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Barclays Chief Executive Antony Jenkins told ITV News he would be the "first to admit" the banking giant has made mistakes in the past:
London Mayor Boris Johnson said the city can extend its lead as the financial capital of Europe despite the huge cost-cutting measures announced by Barclays today.
Speaking at the London Stock Exchange, Johnson said, "Obviously times have been tough for lots of banks for a long time, but it remains the case that the financial sector in London remains immensely strong".
"London is still far and away the dominant financial capital of Europe", he continued. "There are going to be shake-outs of individual banks as there have been. That does not mean that those banks won't go from strength to strength and London's lead won't be lengthened as a financial centre".
Unite national officer Dominic Hook has welcomed the Barclays chief executive's promise of a "culture shift" at the bank.
However, Mr Hook said more progress needs to be seen to address the gap between the highest paid and lowest paid employees, which he called "huge".
"It's shocking but true that the starting salary at Barclays is just £13,500 a year, making some workers at the bank eligible to claim tax credits", he added.
Barclays shares rose slightly to 302.85 pence shortly after market open today, after the bank announced its annual results for 2012 and plans to revamp its business.
Barclays has outlined a number of commitments following the outcome of its long-awaited strategic review.
- To close its controversial Structured Capital Markets tax advisory division
- Focus investment in the UK, US and Africa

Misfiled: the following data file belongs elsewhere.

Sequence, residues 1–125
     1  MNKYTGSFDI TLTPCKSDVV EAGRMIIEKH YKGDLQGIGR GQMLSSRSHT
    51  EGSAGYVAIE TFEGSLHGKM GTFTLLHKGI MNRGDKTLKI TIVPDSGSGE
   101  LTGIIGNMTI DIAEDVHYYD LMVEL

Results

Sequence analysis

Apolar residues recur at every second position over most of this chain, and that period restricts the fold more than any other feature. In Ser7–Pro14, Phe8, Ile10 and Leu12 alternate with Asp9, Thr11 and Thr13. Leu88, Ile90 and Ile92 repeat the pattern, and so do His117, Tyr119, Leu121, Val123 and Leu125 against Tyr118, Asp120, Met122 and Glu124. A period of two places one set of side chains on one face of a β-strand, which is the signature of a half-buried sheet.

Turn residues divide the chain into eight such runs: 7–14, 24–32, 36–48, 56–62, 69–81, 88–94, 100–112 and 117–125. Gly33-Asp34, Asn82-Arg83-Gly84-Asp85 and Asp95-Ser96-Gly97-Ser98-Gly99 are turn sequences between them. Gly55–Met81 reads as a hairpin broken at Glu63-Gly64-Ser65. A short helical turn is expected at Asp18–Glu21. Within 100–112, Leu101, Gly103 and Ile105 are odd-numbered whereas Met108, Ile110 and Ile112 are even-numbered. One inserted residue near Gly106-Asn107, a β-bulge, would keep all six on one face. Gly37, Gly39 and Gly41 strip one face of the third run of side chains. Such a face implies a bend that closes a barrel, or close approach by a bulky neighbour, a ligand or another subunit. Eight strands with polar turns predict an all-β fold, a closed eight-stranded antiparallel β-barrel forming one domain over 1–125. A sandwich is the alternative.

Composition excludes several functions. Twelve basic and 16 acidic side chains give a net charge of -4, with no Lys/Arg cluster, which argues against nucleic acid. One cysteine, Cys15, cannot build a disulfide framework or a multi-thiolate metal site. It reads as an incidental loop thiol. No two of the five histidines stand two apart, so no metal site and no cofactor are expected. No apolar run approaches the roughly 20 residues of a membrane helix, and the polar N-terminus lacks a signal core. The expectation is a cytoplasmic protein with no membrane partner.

- Reduce total costs significantly by operating more efficiently
- Cut at least 3,700 jobs across the business
- Publish an annual scorecard assessing its performance
Chief Executive Antony Jenkins said Barclays is also committed to providing "greater disclosure and transparency" around its financial performance.
"We expect to make good progress towards our financial commitments by 2014 and deliver them fully by 2015", Mr Jenkins said.
Barclays Chief Executive Antony Jenkins described 2012 as a "difficult year" and acknowledged the bank needs to "change the way we do business" to regain shareholders' trust.
Mr Jenkins said, "In June we reached a settlement with various regulators regarding the bank's misconduct in relation to Libor and Euribor".
"We know that we need to change the way we do business if we are going to regain the trust of our various stakeholders and begin to restore our reputation. The process will take time, but we are committed to transforming Barclays".
"We know that we have a great deal of work to do. We know that we will be judged by our actions, not our words", he added.
Barclays said its staff bonus pool was down 16 percent for 2012, with employees receiving £13,300 on average and staff in its investment bank getting an average of £54,100.
Barclays confirmed it will cut 3,700 jobs across the business, including 1,800 investment banking posts and 1,900 in retail and business banking, following disappointing annual results for 2012.
Barclays has announced pre-tax profits slumped to £246 million in 2012 from £5.9 billion a year earlier.
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Barclays Chief Executive Antony Jenkins is determined to change the scandal-hit bank's culture, but it's the start of a very long process.